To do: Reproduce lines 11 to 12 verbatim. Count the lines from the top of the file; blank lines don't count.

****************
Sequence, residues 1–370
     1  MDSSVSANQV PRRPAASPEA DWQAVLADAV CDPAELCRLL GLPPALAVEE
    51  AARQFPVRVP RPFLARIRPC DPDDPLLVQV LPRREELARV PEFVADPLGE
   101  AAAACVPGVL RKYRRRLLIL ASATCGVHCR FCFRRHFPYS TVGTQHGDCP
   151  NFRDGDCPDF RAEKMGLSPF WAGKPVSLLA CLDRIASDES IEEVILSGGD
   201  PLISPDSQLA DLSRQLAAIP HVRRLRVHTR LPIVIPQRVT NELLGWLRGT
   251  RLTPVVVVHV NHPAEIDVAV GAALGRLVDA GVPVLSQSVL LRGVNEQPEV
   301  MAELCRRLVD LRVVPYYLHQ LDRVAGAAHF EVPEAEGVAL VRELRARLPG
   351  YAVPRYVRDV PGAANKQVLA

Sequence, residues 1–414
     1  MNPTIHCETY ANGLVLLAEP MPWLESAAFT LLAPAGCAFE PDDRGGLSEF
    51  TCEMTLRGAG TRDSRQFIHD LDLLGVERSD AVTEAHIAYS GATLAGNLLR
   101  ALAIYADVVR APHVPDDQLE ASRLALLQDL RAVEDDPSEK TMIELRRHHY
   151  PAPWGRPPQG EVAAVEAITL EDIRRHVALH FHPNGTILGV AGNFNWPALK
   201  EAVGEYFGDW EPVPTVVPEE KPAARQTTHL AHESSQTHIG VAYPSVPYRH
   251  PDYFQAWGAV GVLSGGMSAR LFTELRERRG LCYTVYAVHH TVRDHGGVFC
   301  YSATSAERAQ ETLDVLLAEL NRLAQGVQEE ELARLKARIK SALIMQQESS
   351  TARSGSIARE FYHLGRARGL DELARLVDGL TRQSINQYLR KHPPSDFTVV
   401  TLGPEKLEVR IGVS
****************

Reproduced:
     1  MNPTIHCETY ANGLVLLAEP MPWLESAAFT LLAPAGCAFE PDDRGGLSEF
    51  TCEMTLRGAG TRDSRQFIHD LDLLGVERSD AVTEAHIAYS GATLAGNLLR